Simon Lord Lovat | Drawn from the life and Etch’d in Aquafortis by Will.m Hogarth, | Published according to Act of Parliament August 25th 1746.
The Works of William Hogarth, from the Original Plates restored by James Heath…London: Printed for Baldwin & Cradock, Paternoster Row, by G. Woodall, Angel Court, Skinner Street.
William Hogarth (1697-1764), apprenticed as an engraver, became the most signifiant artist and printmaker of his time, his satirical caricatures and political cartoons establishing the genre. From 1730 Hogarth established his own business publishing and selling his own prints. After his death his plates passed to his wife Jane who continued issuing his prints until her own death in 1789. The plates were then acquired by publisher John Boydell and sold again, at the Boydell bankruptcy sale in 1818 to Baldwin & Cradock who began selling prints from 1820. Noted engraver James Heath was employed to strengthen some of the engravings and prints from this issue are in their final states. This edition, printed in 1822 on fine quality Whatman wove paper, is considered the last good printing of Hogarth’s engraved works.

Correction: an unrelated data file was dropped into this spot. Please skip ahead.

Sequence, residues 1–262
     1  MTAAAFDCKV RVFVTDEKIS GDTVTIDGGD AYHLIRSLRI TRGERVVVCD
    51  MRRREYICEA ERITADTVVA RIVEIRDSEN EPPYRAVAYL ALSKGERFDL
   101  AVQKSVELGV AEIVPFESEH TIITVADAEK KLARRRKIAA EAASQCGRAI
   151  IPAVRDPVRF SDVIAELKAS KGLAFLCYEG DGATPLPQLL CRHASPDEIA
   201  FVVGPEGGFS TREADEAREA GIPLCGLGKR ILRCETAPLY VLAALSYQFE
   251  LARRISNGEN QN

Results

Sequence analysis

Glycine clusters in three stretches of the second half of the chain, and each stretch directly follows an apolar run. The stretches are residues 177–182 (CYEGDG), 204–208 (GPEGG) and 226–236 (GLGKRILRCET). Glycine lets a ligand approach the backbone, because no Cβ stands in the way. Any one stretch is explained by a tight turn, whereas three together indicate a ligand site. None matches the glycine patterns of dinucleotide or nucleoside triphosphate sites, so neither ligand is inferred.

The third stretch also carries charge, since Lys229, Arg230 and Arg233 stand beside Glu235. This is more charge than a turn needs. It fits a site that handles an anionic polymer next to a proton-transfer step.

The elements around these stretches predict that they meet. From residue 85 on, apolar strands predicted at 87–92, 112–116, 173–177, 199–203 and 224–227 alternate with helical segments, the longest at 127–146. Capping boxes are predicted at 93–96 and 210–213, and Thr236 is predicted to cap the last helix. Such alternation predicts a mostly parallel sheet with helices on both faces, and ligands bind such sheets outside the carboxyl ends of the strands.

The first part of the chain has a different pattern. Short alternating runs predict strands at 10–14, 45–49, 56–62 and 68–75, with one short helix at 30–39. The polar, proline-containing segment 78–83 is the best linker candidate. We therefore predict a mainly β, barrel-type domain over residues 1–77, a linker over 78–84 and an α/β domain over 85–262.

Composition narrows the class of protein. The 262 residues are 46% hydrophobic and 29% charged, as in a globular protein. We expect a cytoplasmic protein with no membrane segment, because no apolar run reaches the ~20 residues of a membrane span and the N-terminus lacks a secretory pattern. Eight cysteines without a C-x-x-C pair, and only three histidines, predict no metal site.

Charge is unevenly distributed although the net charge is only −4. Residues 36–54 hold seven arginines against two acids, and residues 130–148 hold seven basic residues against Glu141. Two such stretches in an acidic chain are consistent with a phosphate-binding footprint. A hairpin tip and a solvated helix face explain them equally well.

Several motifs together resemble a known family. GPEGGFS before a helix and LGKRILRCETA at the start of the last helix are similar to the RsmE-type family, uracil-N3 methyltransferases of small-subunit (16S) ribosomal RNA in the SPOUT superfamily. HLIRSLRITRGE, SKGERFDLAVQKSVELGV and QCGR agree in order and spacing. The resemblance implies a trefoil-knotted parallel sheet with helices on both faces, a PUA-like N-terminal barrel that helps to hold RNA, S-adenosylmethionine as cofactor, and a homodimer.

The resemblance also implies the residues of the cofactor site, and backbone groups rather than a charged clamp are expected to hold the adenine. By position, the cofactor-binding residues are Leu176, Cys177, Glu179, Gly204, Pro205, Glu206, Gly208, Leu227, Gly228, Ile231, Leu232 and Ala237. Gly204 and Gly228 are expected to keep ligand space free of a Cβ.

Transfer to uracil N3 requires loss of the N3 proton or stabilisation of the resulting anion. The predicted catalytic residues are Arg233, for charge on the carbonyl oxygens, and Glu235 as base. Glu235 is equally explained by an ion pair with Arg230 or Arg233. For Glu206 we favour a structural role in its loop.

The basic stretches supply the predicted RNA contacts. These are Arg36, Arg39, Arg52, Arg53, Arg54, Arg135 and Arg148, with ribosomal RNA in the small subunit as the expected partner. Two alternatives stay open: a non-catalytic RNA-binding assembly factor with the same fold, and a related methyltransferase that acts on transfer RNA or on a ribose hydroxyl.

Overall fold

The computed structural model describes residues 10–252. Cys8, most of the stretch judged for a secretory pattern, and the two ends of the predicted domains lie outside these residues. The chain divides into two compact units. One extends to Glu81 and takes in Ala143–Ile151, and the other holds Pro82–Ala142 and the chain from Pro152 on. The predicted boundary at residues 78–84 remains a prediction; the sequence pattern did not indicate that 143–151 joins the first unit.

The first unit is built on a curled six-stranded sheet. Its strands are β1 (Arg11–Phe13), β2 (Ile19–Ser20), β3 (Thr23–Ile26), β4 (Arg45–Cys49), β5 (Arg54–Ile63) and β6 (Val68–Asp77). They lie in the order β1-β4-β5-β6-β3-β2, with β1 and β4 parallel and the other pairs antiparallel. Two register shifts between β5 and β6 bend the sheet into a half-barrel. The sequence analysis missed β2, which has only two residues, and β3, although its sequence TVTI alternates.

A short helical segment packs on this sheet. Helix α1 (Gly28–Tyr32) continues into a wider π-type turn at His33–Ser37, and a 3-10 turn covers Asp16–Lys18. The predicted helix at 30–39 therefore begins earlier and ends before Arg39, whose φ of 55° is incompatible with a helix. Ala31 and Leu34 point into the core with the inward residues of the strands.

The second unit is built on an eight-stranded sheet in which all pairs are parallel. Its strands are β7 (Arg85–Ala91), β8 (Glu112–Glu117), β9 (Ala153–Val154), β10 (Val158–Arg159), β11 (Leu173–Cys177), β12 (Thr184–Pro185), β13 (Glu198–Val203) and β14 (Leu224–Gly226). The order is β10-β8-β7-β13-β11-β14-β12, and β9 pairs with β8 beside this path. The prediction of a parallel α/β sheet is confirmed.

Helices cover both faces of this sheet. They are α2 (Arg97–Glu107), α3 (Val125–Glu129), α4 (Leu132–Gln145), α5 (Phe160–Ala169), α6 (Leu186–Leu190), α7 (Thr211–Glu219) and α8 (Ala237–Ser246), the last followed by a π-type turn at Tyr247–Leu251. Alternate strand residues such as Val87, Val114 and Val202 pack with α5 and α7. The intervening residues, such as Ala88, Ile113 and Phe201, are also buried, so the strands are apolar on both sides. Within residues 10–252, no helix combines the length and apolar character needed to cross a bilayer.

This print is from the final issue of 1822, the last to use Hogarth's original engraved plates.
Simon Fraser, 11th Lord Lovat, Scottish Jacobite nicknamed ‘The Fox’, drawn by Hogarth in The White Hart Inn at St Albans on his way to trial in London for treason after his defeat at the battle of Culloden in 1746. He is shown counting on his fingers the Highland Chieftans whom he thought would fight the Hanoverian forces. He was convicted and sentenced to death and was the last man in Britain to be executed by beheading.
Large paper (49x63) has some spotting at edges and repaired tear to bottom edge but no closer than 5cm to plate edge which remains clean and crisp.